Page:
That is not the way that most people would describe an elementary school music teacher.
Those are the words that Charlotte Pickett used to describe herself while going through treatment for breast cancer.
Pickett was diagnosed with breast cancer in 1990 while teaching at Jackson Township Elementary School.
At the time, she was caring for her ailing parents, and felt that she could not take the time to take care of the lump that she knew was there.
Once Pickett did begin receiving care for her cancer, after her mother passed, the combination of chemotherapy and radiation changed her way of life.
"It hit me so hard that I was unable to work," Pickett said.
She took time off from November 1990 to January 1991.
Pickett said the hardest part was "not being able to do what I was usually able to do, not being able to be myself."
Pickett went back to teaching music at Jackson Township in February of 1991, and for a short time wore a wig to cover her head.
Soon she discovered the wig would get too warm while she was teaching.
After talking with her students, she decided to wear different colored headbands instead of the wig.
"I could handle it if the kids could handle it," Picket said.
As it turns out, Pickett became a source of strength for some of her students.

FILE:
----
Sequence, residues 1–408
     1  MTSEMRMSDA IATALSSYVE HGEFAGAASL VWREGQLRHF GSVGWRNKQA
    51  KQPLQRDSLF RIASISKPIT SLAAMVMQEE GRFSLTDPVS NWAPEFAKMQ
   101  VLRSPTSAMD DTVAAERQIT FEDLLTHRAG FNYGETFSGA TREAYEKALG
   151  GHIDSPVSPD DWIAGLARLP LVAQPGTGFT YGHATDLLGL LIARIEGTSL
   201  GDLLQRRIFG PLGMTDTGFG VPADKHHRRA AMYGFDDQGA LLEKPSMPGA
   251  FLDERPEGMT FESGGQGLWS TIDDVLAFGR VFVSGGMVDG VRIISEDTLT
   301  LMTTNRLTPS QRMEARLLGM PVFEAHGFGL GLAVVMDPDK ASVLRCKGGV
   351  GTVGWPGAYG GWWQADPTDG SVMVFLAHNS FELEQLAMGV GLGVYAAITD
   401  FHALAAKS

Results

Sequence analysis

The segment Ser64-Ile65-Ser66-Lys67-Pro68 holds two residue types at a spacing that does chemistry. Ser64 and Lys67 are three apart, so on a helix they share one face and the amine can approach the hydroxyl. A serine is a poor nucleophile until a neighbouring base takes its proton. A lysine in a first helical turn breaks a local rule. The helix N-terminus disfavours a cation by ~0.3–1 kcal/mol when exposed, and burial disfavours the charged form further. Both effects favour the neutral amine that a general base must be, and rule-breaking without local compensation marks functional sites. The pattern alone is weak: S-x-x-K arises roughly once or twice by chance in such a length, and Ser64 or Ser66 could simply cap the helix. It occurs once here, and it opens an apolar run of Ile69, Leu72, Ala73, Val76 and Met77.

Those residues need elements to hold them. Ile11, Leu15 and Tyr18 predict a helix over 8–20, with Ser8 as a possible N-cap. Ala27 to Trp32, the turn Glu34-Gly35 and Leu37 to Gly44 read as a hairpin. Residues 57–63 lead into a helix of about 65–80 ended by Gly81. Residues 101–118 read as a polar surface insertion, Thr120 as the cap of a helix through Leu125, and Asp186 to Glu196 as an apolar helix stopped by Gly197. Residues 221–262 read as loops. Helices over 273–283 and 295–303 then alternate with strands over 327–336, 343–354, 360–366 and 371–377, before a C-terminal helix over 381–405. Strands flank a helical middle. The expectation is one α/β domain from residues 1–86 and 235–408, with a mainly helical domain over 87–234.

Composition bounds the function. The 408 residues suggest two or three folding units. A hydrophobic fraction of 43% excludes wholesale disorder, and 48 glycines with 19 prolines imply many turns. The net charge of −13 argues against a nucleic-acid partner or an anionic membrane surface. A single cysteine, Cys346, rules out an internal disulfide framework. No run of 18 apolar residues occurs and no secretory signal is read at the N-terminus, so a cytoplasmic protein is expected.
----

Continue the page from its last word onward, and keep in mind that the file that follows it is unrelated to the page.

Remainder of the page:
She says that soon after she returned to teaching, several of her students' family members were also diagnosed with breast cancer.
Parents would tell her that their children would say, "It's OK, Mrs. Pickett's fine now."
Pickett now teaches music at Meridian Elementary and Eastside Elementary schools.
Her cancer has been in remission for 16 years, with a few benign surgeries since she finished treatment.
Her daughter started getting mammograms in her twenties in response to her mother's diagnosis.
Pickett said that now it seems like she hears of a new breast cancer diagnosis in the community every week.
Her advice to those who have been diagnosed recently is to have faith.
"You just have to stay positive. If your faith is strong enough and someone is looking after you, what will be will be," Pickett said. "Know there is something bigger than you."